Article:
Ferrari: Make F1 like NASCAR and we may walk

Ferrari says it will not accept racing in a Formula 1 that features dumbed-down engine technology, as the Italian outfit hit out at Bernie Ecclestone and Jean Todt's plans for an independent power unit.

Ferrari: Make F1 like NASCAR and we may walk
Sergio Marchionne, Ferrari President and CEO of Fiat Chrysler Automobiles with Maurizio Arrivabene, Team Principal Scuderia Ferrari
Maurizio Arrivabene, Team Principal Scuderia Ferrari
Sergio Marchionne, Ferrari President and CEO of Fiat Chrysler Automobiles
Sebastian Vettel, Ferrari
Maurizio Arrivabene, Team Principal Scuderia Ferrari
Sergio Marchionne, Ferrari President and CEO of Fiat Chrysler Automobiles with Maurizio Arrivabene, Team Principal Scuderia Ferrari
Sebastian Vettel, Scuderia Ferrari
Kimi Raikkonen, Ferrari SF15-T
Ferrari team members on the pit wall
Sebastian Vettel, Ferrari SF15-T
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Speaking in Maranello on Monday, at Ferrari's traditional pre-Christmas press briefing, Ferrari president Sergio Marchionne said the Italian outfit would rather walk away from grand prix racing than face rules it did not like.

"Ferrari would find other ways to express its ability to race and to win," said Marchionne.

"It would be a huge shame [if Ferrari left], but Ferrari cannot be put in a corner on its knees and say nothing.

"Now, the rules are written in a way that serves lawyers, who interpret them.

"In November 2014, it was clear that it would be possible to use tokens for power unit development – and this was something that, in a sense, saved Ferrari's season.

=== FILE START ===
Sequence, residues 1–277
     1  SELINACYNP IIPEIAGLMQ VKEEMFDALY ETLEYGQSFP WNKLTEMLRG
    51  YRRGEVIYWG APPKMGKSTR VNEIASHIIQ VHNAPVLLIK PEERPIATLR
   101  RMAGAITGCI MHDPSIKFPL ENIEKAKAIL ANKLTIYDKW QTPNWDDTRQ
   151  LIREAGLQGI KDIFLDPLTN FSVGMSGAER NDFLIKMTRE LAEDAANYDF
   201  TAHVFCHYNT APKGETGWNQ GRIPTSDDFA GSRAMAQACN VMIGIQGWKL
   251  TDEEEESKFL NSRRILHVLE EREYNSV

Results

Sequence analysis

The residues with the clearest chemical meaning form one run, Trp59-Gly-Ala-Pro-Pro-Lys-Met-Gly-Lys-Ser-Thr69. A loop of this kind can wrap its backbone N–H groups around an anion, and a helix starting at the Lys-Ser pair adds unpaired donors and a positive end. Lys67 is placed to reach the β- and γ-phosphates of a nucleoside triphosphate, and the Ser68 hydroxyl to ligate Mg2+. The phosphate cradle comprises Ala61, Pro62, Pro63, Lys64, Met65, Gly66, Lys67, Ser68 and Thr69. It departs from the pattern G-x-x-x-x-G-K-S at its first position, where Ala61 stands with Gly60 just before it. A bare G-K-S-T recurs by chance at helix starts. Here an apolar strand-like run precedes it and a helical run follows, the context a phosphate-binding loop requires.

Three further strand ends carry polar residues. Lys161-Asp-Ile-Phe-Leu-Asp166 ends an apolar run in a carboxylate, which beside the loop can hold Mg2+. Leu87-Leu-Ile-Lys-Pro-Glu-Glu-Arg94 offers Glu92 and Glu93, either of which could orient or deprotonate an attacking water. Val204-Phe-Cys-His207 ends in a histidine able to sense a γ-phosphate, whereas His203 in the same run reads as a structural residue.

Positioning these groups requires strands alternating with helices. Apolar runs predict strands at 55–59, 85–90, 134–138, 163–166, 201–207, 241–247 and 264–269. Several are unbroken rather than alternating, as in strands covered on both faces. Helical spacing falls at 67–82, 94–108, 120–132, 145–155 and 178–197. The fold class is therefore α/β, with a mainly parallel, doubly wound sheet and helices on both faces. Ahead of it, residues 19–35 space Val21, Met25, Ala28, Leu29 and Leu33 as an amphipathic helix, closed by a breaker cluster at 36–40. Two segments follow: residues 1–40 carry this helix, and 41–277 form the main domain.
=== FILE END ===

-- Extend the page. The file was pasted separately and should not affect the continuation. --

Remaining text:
"But we need to simplify the rules and create more manageable regulations – where we should not be supported by lawyers, but by engineers, as it was a few years ago."

FIA mandate wrong

Marchionne said he was particularly upset by the FIA's move to hand Ecclestone and Todt a mandate for change, in their bid to overhaul F1.

"It's a choice that we obviously do not share, because we believe that the development of the regulations should be done in a coordinated manner," he said.

"This view is also shared by the Mercedes and Renault. Here we spend hundreds of millions of Euros, so we are talking about decisions that should not be taken lightly.

"The problem is that in trying to create a power unit that is more affordable for smaller teams, we are in a way taking away from those organisations that are able to develop. And that is the reason why we go racing.

"We go to the track to prove to ourselves and to everyone our ability to manage the power unit. If we begin to undermine this advantage, Ferrari has no intention of racing.

"If we make Formula 1 like NASCAR, we would lose the advantage of experience in track solutions, which can then have an impact on production.

"I understand very well the difficulties that smaller teams face, but this is something that FOM has to solve; it is not something Ferrari has to solve."

Veto right

Marchionne also insisted that Ferrari had no choice but to block a plan by the FIA to impose a cost cap on engine prices.

Speaking about Ferrari's long-held rules veto, he said: "I think that in the past it has never been used, but we used it recently because the proposal was out of place.

"The problem of this sport is that the regulator can not impose conditions on the economic management of the team.

"When we are told that we must make the engine and then sell it for two pounds, from the economic point of view, this argument does not stand – because it is going to change the dynamic business that we are managing.

"The economic conditions by which the Ferrari engine is provided to a customer cannot be established by the F1 Commission."

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